Can we call God, "Father"?

By Jerry Truex

This month our congregation is focusing on memorizing or reviewing the Lord’s Prayer, which is also known among Catholics as the “Our Father” (Matt 6:9-13). (See the article on the Lord's Prayer).

Can we address God as “Father”?

Jesus begins the Lord’s Prayer by inviting us to address God as “Father” (Gk. pater). A few verses before the Lord's Prayer, Jesus provides an important perspective on his understanding of the term, "Father":

Matt 5:44-45. “I say to you, ‘Love your enemies and pray for those who persecute you, so that you may be children of your Father in heaven; for he makes his sun rise on the evil and on the good, and sends rain on the righteous and on the unrighteous’” (NRSV).

This is not a finger-shaking, self-seeking, wrath-dealing father. Rather, Jesus teaches us that the Father loves enemies, seeking impartially to nurture all people irrespective of their attitudes about God. God is the Source and Sustainer all.

In another passage, Jesus talks about prayer and says, “If you then, who are evil, know how to give good gifts to your children, how much more will the heavenly Father give the Holy Spirit to those who ask him!” (Luke 11:13; RSV).

Notice that the “good gifts” that the Father gives is the Holy Spirit. That is, the gift is God himself. God offers himself to us in prayer.

Is God also “Mother?

However, it is not enough to think of God as Father. The Bible also compares God’s love with the love of a mother: “As a mother comforts her child, so I will comfort you” (Isa 66:13; NRSV). God’s compassion (Heb. racham) is also expressed in terms of a mother’s womb (Heb. rechem): “Can a woman forget her nursing child, or show no compassion for the child of her womb? Even these may forget, yet I will not forget you” (Isa 49:15; NRSV). God’s care for people is as intimate and interconnected as a mother to a fetus. No masculine imagery expresses that closeness!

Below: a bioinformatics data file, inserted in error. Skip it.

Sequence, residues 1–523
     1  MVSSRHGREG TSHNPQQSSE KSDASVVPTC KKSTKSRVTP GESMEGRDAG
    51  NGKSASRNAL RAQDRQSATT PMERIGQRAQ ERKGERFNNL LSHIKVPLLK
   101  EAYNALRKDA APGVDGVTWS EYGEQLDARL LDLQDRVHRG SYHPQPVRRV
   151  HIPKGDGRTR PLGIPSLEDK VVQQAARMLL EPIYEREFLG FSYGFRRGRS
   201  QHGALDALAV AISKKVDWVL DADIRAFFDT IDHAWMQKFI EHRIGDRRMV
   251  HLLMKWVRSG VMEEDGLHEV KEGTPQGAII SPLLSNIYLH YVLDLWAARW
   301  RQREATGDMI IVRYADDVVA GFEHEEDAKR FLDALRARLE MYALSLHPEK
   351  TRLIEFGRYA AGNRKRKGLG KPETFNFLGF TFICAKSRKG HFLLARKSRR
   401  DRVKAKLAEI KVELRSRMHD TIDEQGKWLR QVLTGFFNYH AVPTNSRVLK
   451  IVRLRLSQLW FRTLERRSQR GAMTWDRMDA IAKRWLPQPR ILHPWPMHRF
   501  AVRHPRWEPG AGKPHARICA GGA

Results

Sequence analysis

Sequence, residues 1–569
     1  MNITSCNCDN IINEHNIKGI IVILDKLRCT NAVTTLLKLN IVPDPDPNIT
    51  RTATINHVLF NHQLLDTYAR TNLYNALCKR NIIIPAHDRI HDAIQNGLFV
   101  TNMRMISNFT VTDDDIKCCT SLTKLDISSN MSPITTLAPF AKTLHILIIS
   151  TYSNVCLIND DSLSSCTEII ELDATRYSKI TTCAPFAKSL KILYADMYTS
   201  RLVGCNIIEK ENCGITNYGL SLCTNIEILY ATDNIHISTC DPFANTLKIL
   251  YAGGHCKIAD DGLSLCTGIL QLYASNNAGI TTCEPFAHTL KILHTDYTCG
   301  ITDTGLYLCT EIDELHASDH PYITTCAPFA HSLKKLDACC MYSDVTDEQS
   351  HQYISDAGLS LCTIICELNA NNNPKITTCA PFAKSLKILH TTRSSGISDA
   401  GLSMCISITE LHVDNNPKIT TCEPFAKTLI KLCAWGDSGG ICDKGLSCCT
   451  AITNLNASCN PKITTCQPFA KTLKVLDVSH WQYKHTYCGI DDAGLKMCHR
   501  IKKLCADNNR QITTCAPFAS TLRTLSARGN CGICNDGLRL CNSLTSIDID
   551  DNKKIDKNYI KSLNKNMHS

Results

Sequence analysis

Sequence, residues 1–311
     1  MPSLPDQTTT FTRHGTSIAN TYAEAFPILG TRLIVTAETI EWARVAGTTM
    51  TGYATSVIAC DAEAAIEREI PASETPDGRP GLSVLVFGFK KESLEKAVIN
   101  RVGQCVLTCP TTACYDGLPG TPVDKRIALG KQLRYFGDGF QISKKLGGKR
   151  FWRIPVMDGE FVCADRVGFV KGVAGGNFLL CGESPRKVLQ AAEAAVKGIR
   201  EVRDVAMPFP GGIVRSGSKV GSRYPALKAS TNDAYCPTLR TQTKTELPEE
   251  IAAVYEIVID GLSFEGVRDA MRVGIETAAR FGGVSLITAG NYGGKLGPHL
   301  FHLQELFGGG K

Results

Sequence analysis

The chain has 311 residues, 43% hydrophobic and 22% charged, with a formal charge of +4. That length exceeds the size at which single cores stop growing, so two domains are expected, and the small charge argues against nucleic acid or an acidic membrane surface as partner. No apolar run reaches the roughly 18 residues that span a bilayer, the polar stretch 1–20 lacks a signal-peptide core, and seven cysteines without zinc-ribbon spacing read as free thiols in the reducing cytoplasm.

Nevertheless, God is never called “mother” in the Bible. Mother is an image, not a title for God. Of course, God is neither male nor female, but Creator of male and female.

So why does the Bible prefer “Father” for God? Scholars speculate that when the Bible was written, the mother-deities of surrounding nations painted a picture of God that was opposed to the biblical image. Mother-deities blurred the distinction between Creator and creature. People were viewed as emanations of deities, an implied pantheism. In contrast, by referring to God as Father, the biblical writers stressed God’s otherness and power, while denying the divinity of human beings, especially rulers.

Should we use formulaic prayers?

Just before the Lord’s Prayer is introduced in Matthew’s Gospel, Jesus warns about false forms of prayer, including pretentious prayer and the mindless recitation of formulas (Matt 6:5-7). Prayer must be personal. It arises from our own hearts, from our needs, our hopes, our suffering. It is silent inward communion with God punctuated by words, images, and thoughts.

But personal prayer is not enough. We need prayers that express the human encounter with God as experienced by the Church as a whole. In this way, formulaic prayers, like the Lord’s Prayer, put our narrow interests in the context of God’s boarder purposes. For this reason, the Lord’s Prayer doesn’t simply begin with “Father,” but “Our Father,” the first person plural. In this way, “we” come to God together, as brothers and sisters, as children of one God.

Jerry Truex is the Pastor of the Mennonite Church of the Servant; instructor of Biblical Studies at AMBS-Great Plains.